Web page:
Choosing a new board game, whether as a gift or for your next game night, can seem like a daunting task, so here’s a handy guide that will help you pick one that’s right for your audience.

While you have to consider things like how many players are going to be playing as well as age range, I think the best way to choose a game is by figuring out where on the silly scale you want to be. Let me explain .…

Games for all around silly fun

If you want to have a fun and silly time, and not have to worry about too many rules, then you’re probably going to want to play a party game. Games like Telestrations, where you’re drawing and guessing what people drew (like the old telephone game); or Dixit, where players try to pick which card was yours based on the clue you gave. These games get you started quickly and laughing a lot.

You can still be silly even if you’re not into party games. Games like Spot It, where you’re trying to find the two images that match on any 2 cards, or Lift it, where you have to place objects on top of each other—using a contraption attached to your head! Crazy!

Still silly but a bit thinky

Then if we move down the silly scale, a bit towards serious strategy, these games will be light and easy to get started, but will involve a few more rules to understand. Here we’re looking at games like Sushi Go where players have a hand of Sushi cards, choose one to keep and then pass the rest of their hand to the player on their left. Players try to collect certain sets to get the most points. Or Munchkin, and its many expansions, which can be very silly and funny as players try to be the first to level their character up to level 10.

If you like to be sneaky then try Spyfall, which has players asking each other questions about the secret location, but one player is the spy and has no idea what the secret location is! If you want to stretch your creativity, then you should try Codenames. Here you give a one word clue to your teammates to get them to guess the specific words that are secretly assigned to your team. This one has been very popular! Or Machi Koro—every turn you roll your dice and everyone checks their cards to see if any of them activate based on your roll. You collect coins which you can then use to buy more cards that give you more abilities as different numbers are rolled.

Not silly at all, but not overly complicated

Now if you’re looking to get into some more strategy, and are okay with the fun starting to come more from out-thinking your opponent, then maybe you’d enjoy Carcassonne. This is a tile laying game which means the game will look different every time. As you build castles, roads, and farmlands, players place their token—which we call Meeples—to score them once they get completed. Or maybe you’re ready for the most successful strategy game of the last 20 years, Catan, with its many expansions. Here you’re trying to collect resources to build roads, settlements, and cities in an effort to get to 10 victory points first.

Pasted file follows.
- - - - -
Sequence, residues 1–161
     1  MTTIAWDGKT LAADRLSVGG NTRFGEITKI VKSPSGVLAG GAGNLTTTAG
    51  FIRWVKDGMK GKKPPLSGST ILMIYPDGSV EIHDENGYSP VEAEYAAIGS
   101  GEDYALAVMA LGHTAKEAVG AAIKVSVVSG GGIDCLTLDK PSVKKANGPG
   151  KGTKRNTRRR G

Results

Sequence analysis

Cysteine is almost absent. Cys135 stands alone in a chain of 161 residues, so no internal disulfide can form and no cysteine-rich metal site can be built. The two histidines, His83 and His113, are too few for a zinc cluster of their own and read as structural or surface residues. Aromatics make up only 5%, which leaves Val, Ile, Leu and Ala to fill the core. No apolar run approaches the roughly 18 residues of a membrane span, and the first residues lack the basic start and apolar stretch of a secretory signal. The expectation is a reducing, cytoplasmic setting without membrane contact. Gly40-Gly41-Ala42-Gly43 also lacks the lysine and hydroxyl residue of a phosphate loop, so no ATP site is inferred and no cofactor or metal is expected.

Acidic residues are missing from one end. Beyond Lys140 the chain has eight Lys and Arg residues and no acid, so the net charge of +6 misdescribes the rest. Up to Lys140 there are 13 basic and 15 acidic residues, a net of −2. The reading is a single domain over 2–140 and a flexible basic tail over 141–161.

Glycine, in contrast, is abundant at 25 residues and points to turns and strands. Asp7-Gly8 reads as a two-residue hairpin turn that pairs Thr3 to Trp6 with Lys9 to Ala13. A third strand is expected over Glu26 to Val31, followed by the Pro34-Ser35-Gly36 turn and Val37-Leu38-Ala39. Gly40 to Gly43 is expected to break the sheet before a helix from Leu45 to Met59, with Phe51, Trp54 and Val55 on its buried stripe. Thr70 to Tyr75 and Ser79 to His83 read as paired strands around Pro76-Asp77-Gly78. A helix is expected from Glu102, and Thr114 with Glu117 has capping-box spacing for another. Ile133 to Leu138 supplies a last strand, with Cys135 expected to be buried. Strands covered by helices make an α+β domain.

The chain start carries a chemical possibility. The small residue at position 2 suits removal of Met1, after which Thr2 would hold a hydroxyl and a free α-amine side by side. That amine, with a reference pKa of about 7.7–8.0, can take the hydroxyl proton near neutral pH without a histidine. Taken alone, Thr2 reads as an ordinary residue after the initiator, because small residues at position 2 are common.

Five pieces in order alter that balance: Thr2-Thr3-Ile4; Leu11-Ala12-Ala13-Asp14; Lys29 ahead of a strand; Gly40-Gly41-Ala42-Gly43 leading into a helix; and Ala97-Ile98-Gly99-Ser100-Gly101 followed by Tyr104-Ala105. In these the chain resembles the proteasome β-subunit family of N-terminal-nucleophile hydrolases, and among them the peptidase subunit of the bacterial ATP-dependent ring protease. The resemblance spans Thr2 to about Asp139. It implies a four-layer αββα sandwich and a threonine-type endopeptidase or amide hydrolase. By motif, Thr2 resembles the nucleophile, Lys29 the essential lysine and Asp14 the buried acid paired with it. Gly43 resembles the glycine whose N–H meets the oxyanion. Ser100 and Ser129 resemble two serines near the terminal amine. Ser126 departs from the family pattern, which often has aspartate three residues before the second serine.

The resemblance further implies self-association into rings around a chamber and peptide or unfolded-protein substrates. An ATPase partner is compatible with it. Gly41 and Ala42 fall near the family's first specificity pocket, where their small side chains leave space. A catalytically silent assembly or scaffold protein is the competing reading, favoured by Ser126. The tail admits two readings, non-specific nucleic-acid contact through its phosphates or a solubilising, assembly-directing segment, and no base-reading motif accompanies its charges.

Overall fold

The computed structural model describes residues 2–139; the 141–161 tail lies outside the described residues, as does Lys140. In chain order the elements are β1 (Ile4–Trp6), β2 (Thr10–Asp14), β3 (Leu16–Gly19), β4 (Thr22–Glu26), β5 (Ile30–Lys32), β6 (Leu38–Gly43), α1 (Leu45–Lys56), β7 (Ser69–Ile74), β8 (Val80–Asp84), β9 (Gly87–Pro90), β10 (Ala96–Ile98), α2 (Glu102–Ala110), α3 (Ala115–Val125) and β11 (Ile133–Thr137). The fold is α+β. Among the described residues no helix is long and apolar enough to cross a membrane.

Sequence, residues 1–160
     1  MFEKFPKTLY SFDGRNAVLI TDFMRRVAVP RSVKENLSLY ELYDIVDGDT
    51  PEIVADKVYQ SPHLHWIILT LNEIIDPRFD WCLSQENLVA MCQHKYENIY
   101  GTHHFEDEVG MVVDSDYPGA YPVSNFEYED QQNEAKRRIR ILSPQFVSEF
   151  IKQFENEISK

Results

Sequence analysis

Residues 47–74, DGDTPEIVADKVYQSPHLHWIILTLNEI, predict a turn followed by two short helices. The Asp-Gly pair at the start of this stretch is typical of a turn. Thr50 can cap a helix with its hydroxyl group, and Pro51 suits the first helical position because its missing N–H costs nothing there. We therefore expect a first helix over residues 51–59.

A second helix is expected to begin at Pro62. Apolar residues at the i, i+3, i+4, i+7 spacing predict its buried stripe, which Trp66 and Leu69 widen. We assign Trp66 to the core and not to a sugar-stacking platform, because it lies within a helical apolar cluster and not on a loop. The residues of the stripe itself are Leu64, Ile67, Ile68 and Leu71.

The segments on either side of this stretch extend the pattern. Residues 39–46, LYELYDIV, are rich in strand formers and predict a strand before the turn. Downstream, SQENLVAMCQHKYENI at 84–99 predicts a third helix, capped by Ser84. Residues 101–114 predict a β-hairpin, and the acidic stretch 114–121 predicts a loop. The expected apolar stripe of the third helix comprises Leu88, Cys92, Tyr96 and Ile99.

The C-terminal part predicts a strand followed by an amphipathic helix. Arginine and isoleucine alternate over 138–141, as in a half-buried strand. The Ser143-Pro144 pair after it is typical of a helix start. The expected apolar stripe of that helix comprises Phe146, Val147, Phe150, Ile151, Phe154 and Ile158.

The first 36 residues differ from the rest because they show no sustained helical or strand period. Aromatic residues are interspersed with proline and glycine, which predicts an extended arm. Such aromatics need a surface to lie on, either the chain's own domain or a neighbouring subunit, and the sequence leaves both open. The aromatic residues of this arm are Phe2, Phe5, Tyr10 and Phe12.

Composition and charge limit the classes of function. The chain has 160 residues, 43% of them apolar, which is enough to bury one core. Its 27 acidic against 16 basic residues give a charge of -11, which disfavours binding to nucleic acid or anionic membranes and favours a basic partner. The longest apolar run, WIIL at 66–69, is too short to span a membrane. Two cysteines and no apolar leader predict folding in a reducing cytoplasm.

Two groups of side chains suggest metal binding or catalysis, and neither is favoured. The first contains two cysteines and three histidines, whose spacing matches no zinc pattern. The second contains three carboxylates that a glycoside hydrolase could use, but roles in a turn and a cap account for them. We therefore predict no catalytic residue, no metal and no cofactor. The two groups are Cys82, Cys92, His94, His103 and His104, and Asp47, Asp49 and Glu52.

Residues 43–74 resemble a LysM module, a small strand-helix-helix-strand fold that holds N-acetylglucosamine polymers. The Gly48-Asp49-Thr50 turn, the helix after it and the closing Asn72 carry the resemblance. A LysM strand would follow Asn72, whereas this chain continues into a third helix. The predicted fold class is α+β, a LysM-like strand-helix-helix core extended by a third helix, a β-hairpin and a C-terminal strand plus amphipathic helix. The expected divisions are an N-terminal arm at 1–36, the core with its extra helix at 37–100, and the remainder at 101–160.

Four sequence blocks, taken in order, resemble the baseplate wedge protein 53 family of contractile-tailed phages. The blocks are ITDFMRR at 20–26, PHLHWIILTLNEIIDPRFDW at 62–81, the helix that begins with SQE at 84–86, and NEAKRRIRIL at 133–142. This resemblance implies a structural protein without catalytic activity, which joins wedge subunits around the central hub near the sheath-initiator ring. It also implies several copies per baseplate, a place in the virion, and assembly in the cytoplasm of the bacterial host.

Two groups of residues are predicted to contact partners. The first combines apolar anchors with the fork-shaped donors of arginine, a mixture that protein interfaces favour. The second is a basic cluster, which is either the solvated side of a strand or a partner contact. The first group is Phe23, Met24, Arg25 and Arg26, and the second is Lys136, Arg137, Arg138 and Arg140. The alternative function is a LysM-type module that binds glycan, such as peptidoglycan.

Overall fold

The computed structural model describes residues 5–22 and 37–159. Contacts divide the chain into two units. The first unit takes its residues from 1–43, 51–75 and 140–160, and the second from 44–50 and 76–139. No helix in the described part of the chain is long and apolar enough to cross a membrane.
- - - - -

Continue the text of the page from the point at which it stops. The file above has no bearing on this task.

Another popular game that’s great for players wanting some strategy but still wanting to keep it accessible to families with older kids is Ticket to Ride. This game has very easy to understand rules as you collect cards to place your own train cars on routes on the board, all in an effort to connect two cities based on your secret route cards.

Games designed for the strategically inclined

Finally, if you’re looking for some serious strategy, then we’re talking about games that will take a longer time to read and understand the rules, and a longer time to play. Here you’ll find games like Pandemic, which is a co-operative game that has players working together trying to cure the world of diseases, or even Pandemic Legacy (Season 1 and Season 2), which is a similar game, but has players placing stickers on the board and on cards as well as opening envelopes and boxes throughout each game—permanently changing the game for all future plays. Pretty epic! Or maybe you want to try a game that involves something called Deck Building. Dominion is the first game with this mechanic, and in it you use your 10 card deck to buy new cards from a supply and then add them to your existing deck, making your deck bigger and bigger as you play, and giving you access to bigger and crazier abilities. It’s a really interesting mechanic!


So that’s a brief review of how you can choose which game is right for you. From super silly to super thinky. If you’ve played these games, or are looking for more recommendations, comment below and we’ll see what other games we can recommend!

Jay Cormier
Jay enjoys his double life: working at Best Buy Canada as a Video Production Specialist, and his side career as a board game designer. He has a dozen or so games on store shelves right now and many more signed to come out soon. He also teaches game theory to students taking the video game design program at Vancouver Film School.


  1. If you’re strategically inclined, hunt down a copy of Belfort! It combines some of my favorite board game mechanics – worker placement and area majority- into a tight, amusing package!

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